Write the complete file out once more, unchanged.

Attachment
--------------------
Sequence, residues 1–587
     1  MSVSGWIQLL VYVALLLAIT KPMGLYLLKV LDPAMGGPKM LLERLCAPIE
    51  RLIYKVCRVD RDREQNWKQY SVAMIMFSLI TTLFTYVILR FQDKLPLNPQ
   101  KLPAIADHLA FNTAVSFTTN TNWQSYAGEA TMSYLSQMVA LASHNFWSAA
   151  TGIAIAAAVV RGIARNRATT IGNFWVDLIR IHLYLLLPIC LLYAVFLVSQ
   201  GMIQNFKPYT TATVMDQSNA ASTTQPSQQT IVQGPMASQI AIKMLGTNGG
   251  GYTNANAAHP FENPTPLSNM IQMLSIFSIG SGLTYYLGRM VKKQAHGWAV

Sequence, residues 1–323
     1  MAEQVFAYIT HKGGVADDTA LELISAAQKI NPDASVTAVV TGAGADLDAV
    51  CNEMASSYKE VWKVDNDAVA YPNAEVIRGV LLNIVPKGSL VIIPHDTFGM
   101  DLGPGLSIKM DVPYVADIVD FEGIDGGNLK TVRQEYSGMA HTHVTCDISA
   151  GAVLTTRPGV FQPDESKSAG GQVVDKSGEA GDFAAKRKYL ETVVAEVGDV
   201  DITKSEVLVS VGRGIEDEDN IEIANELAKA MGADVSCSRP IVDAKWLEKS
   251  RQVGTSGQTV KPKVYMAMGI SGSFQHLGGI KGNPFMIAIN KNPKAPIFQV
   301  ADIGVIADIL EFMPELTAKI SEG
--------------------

Sequence, residues 1–587
     1  MSVSGWIQLL VYVALLLAIT KPMGLYLLKV LDPAMGGPKM LLERLCAPIE
    51  RLIYKVCRVD RDREQNWKQY SVAMIMFSLI TTLFTYVILR FQDKLPLNPQ
   101  KLPAIADHLA FNTAVSFTTN TNWQSYAGEA TMSYLSQMVA LASHNFWSAA
   151  TGIAIAAAVV RGIARNRATT IGNFWVDLIR IHLYLLLPIC LLYAVFLVSQ
   201  GMIQNFKPYT TATVMDQSNA ASTTQPSQQT IVQGPMASQI AIKMLGTNGG
   251  GYTNANAAHP FENPTPLSNM IQMLSIFSIG SGLTYYLGRM VKKQAHGWAV

Sequence, residues 1–323
     1  MAEQVFAYIT HKGGVADDTA LELISAAQKI NPDASVTAVV TGAGADLDAV
    51  CNEMASSYKE VWKVDNDAVA YPNAEVIRGV LLNIVPKGSL VIIPHDTFGM
   101  DLGPGLSIKM DVPYVADIVD FEGIDGGNLK TVRQEYSGMA HTHVTCDISA
   151  GAVLTTRPGV FQPDESKSAG GQVVDKSGEA GDFAAKRKYL ETVVAEVGDV
   201  DITKSEVLVS VGRGIEDEDN IEIANELAKA MGADVSCSRP IVDAKWLEKS
   251  RQVGTSGQTV KPKVYMAMGI SGSFQHLGGI KGNPFMIAIN KNPKAPIFQV
   301  ADIGVIADIL EFMPELTAKI SEG